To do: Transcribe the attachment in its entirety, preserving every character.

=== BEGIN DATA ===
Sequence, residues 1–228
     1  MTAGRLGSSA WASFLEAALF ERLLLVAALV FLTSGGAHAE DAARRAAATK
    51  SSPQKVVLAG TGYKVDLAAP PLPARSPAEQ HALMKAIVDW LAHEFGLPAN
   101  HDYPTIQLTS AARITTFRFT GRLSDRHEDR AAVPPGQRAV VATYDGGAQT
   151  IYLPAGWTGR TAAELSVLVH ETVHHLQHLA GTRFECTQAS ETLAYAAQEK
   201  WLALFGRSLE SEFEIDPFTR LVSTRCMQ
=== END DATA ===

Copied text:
Sequence, residues 1–228
     1  MTAGRLGSSA WASFLEAALF ERLLLVAALV FLTSGGAHAE DAARRAAATK
    51  SSPQKVVLAG TGYKVDLAAP PLPARSPAEQ HALMKAIVDW LAHEFGLPAN
   101  HDYPTIQLTS AARITTFRFT GRLSDRHEDR AAVPPGQRAV VATYDGGAQT
   151  IYLPAGWTGR TAAELSVLVH ETVHHLQHLA GTRFECTQAS ETLAYAAQEK
   201  WLALFGRSLE SEFEIDPFTR LVSTRCMQ